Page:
Radio Frequency Identification

Australian sheep and haute couture from Prada might not seem to have much in common, but they do. Each is a valuable asset tracked by radio frequency identification (RFID) technology.

In the case of the sheep, a small plastic "smart tag" affixed to the animal's ear contains pertinent information about its bloodlines, date of birth and shot records.

The tag Milan, Italy-based Prada (officially known as I Pellettieri d'Italia SpA) uses on merchandise at its showcase Epicenter store in New York carries information about a garment's style, size, color and other details, including price.

The RFID tag in the sheep's ear contains a silicon chip to store data and a miniature antenna. The Prada tag and antenna, developed by Dallas-based Texas Instruments Inc., can be printed or etched on an electronic substrate, which is then embedded in a plastic or laminated paper garment tag.

Data from these tags is captured by a reader unit, which consists of an antenna and radio transmitter, attached to a stationary or handheld device. The reader emits radio waves, and when a tag comes within the range of the reader, the tag wakes up and starts sending data. The reader captures this bit stream, decodes it and sends it back over a network to a host processor.

RFID operates in a number of unlicensed frequency bands worldwide, with 125 KHz and 13.56 MHz the most common. The 13.56-MHz tags hold as much as 2,000 bits of data, or roughly 30 times the information of 125-KHz tags.

These systems have a relatively short range-inches to a few feet-but that's enough for inventory control or payment applications, such as Irving, Texas-based Exxon Mobil Corp.'s SpeedPass, which is already used by 6 million motorists. A gas-pump-based reader interrogates the key-fob SpeedPass (which contains a chip and an antenna) waved inches from the pump, obtains its identifier, passes that on via a Very Small Aperture Terminal (VSAT) network to a back-end system for credit approval and then turns on the pump-all in seconds.

Although the majority of RFID tags are write-once/read-only, others offer read/write capability and could, for example, allow origin and destination data embedded in a shipping container's tag to be rewritten if the container is rerouted. The data store on a 13.56-MHz tag is large enough to contain routing information for the shipping container and a detailed inventory of the products inside.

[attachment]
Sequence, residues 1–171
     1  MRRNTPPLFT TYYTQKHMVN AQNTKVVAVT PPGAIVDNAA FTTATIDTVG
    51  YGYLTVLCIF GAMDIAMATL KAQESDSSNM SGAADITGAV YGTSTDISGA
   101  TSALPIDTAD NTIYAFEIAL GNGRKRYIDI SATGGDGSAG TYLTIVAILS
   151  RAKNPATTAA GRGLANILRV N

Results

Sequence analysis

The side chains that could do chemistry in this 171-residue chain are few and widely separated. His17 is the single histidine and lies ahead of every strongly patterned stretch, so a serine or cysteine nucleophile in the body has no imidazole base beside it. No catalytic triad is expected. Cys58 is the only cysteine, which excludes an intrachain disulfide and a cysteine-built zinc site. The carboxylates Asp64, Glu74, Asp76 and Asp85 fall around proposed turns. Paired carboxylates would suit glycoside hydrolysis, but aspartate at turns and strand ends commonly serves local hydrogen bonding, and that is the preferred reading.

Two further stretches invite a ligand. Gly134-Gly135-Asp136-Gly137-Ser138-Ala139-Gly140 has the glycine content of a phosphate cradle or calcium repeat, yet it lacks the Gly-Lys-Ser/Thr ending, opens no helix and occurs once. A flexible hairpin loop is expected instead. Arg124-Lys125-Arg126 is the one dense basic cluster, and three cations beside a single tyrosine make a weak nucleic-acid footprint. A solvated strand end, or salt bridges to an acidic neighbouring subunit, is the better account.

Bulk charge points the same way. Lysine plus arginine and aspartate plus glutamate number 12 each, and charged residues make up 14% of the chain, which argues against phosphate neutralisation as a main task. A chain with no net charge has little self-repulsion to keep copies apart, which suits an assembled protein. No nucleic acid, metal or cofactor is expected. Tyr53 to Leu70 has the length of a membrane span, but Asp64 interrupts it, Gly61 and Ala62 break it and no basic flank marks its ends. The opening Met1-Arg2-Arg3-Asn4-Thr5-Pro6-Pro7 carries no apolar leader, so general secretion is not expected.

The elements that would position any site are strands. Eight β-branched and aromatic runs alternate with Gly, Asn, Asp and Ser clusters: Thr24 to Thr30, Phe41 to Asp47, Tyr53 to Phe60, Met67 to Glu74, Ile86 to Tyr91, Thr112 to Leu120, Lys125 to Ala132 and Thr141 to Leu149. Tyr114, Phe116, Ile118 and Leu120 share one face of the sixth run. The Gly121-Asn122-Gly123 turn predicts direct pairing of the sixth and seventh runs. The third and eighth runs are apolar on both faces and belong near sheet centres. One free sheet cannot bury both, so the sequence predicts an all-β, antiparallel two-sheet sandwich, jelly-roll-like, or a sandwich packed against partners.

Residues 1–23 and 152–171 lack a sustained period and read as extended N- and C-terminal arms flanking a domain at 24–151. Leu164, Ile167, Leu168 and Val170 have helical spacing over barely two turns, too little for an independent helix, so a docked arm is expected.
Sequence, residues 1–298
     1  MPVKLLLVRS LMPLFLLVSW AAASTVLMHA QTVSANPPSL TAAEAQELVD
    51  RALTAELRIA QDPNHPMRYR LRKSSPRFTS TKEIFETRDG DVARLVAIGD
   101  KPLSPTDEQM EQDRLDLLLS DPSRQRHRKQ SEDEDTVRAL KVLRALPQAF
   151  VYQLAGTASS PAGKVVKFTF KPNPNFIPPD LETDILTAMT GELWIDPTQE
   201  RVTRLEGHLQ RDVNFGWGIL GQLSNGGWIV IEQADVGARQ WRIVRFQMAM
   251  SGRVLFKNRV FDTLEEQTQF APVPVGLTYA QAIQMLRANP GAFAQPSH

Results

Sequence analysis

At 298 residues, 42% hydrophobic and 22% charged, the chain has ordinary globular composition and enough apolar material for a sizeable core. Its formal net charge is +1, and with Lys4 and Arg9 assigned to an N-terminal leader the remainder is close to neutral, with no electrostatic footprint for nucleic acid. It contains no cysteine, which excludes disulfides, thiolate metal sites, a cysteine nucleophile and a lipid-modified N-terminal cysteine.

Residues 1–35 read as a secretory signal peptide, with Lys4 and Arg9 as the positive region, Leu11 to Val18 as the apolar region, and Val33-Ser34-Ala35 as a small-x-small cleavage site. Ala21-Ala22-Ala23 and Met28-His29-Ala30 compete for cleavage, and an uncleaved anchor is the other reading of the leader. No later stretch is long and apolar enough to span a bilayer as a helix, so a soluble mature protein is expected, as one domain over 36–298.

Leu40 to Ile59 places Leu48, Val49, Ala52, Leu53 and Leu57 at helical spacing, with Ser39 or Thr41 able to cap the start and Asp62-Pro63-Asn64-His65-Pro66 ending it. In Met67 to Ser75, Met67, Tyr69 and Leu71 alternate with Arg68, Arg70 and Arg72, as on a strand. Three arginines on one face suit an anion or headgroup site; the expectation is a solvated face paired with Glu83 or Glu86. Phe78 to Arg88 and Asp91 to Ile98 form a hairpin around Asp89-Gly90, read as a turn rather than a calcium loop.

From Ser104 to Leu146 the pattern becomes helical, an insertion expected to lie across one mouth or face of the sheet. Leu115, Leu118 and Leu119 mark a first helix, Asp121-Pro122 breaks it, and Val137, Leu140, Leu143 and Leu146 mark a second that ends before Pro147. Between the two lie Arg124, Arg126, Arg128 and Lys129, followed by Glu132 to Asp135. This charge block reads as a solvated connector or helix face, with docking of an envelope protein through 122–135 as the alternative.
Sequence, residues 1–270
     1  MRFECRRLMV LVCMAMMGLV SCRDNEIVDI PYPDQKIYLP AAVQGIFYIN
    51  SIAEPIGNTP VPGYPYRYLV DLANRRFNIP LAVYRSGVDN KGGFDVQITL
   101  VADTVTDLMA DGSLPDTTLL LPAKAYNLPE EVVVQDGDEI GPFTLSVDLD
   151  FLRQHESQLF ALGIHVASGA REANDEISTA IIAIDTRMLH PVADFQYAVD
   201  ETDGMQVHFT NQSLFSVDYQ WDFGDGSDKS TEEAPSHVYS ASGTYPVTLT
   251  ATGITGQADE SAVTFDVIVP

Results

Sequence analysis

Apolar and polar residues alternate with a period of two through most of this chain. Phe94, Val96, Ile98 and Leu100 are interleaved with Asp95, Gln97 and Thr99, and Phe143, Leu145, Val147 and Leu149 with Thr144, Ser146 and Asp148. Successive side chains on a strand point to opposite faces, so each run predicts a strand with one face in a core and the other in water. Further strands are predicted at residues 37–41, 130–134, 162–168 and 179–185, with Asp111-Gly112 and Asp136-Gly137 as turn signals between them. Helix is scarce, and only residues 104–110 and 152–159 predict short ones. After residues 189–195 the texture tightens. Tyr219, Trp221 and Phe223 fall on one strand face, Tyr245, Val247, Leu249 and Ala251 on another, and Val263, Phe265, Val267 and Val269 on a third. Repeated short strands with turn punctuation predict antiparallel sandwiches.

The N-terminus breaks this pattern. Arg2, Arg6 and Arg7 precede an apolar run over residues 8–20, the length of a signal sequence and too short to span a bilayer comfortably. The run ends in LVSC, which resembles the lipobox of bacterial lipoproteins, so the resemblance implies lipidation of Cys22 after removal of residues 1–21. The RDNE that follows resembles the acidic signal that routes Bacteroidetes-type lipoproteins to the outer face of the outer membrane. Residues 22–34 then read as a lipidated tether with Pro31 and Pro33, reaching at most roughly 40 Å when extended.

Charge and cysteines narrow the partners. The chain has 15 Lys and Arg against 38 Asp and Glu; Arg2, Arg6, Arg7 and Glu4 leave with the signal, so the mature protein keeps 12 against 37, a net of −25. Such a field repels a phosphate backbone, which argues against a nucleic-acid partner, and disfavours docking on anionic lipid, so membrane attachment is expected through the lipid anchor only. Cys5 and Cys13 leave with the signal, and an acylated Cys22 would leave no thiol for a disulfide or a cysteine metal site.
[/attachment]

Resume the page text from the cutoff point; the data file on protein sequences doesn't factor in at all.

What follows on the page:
SpeedPass and garment tags use what is known as passive RFID technology, with power to the tag supplied by the RF energy transmitted by the reader. Longer-range applications, such as automated toll-collection systems, use active-and more expensive-battery powered tags.

RFID tags used in inventory control and supply chain management applications compete with bar codes, but RFID tags can contain far more detailed information than bar codes. RFID tags also offer retailers an easier way to manage inventory than bar codes, which require a clear line of sight between the laser scanner and bar code.

'Smart Shelf'

In a 2001 test of RFID technology, San Francisco-based The Gap Inc. equipped some of its stores with "smart shelves" containing RFID readers. The system used built-in readers to instantly monitor the inventory on the smart shelves, gathering information on each garment through layers in a stack, a task that would be impossible with a bar-code scanner.

A majority of the new cars sold in the world by U.S., European and Japanese automakers now come equipped with keys embedded with RFID tags that each contain a unique identifier. When the key is inserted in the lock, it communicates with a reader built into the car's electronics.

If a thief uses a key without an embedded RFID chip-or one with the wrong identifier-the car will start but will be immobilized in a matter of minutes by the reader.

Large, read/write reusable RFID tags used to track auto parts on assembly lines can cost hundreds of dollars, but tags used for supply chain management systems have dropped to well below $1 per tag. This is still more expensive than a bar-code price tag system, which requires only a laser printer to generate an inexpensive label that contains price and inventory data.

Allied Business Intelligence Inc. in Oyster Bay, N.Y., estimates that some 220 million RFID tags will be shipped this year. Economies of scale coupled with demand will result in shipments jumping to 1.6 billion RFID tags in 2007, according to Allied Business.

But growth, particularly in competition with cheaper bar codes, seems stymied by what Bill Allen, a manager at Texas Instruments Inc.'s RFID division calls "the Holy Grail factor." Once, the Holy Grail for RFID cards was a price point below a dollar. Now, the bar seems to have been lowered to a dime or even a nickel for the kind of throwaway cards used in retail, and reaching that goal is daunting, Allen says.

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